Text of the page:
I expected an obvious immature joke here. Guess I should have some faith in humanity after all.
I need to get my mind out of the gutter... =/
Hun pusser ikke tennene sine.
What? A joke about pusser or brushing teeth?
"pussar" in Swedish means "kisses"
Can someone tell me what's the difference between "å pusse" and "å børste"?
My dictionary suggests å børste is to brush and å pusser is to polish.
So in Norwegian we polish our teeth, but in English we brush them.
Jeg håper så.
How would I know the difference between 'Does she brush her teeth?' and 'Is she brushing her teeth?'.
Context. Since norwegian does not have the present progressive the sentence can mean both. Without context we cannot tell if it is used in the sense of "she brushes her teeth right now" or "she brushes her teeth twice a day".
Why isn't it: Pusser hun tennene? I thought norwegian people left out the possessive when talking about their body parts.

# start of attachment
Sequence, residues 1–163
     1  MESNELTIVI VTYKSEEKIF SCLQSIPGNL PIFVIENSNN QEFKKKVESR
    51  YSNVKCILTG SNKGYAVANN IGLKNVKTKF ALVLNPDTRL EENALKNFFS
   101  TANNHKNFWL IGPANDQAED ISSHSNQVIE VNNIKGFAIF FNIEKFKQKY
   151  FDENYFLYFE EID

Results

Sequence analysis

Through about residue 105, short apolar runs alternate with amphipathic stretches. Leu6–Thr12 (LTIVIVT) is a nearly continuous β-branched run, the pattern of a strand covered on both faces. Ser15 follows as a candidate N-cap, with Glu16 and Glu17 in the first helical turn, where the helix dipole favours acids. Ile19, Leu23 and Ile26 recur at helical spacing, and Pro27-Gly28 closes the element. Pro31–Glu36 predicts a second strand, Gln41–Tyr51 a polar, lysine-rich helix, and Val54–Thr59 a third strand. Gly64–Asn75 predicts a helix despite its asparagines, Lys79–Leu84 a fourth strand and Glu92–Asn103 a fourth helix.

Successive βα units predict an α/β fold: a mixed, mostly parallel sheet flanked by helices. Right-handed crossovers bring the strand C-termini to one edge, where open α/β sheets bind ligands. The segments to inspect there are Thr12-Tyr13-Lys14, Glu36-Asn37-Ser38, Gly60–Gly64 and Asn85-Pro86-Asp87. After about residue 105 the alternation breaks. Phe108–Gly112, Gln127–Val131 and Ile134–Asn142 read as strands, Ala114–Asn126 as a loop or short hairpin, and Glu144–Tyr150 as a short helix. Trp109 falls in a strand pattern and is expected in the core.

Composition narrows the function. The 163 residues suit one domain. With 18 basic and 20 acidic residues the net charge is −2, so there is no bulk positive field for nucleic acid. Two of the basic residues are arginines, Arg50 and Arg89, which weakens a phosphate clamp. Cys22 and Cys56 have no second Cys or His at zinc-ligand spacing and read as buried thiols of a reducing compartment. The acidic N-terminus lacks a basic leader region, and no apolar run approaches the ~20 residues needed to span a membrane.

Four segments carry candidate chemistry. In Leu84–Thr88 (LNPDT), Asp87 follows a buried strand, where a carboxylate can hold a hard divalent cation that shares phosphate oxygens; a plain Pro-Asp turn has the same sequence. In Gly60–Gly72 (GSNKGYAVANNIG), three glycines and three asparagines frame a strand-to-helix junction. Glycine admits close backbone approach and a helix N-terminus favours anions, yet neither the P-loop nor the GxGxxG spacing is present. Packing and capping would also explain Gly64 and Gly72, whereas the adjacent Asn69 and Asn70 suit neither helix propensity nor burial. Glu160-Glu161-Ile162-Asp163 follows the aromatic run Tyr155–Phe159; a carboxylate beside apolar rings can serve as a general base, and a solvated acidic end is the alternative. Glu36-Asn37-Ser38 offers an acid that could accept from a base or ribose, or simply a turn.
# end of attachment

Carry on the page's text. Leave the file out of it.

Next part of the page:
It's optional, and less common when not speaking of one's own body parts. "Hun" is not the one doing the talking here.
pusse comes from the German verb putzen. The German phrase is Putzt sie ihre Zähne? or Putzt sie sich die Zähne?
Likewise å pusse nesen = die Nase putzen, and å pusse en mur = eine Mauer verputzen.
Nei, hver dag hun spiser et eple
Could I write down that "pusser" means "is brushing"?
Is it acceptable to use "børster" instead of "pusser"?
Hvis du må stille dette spørsmålet . . .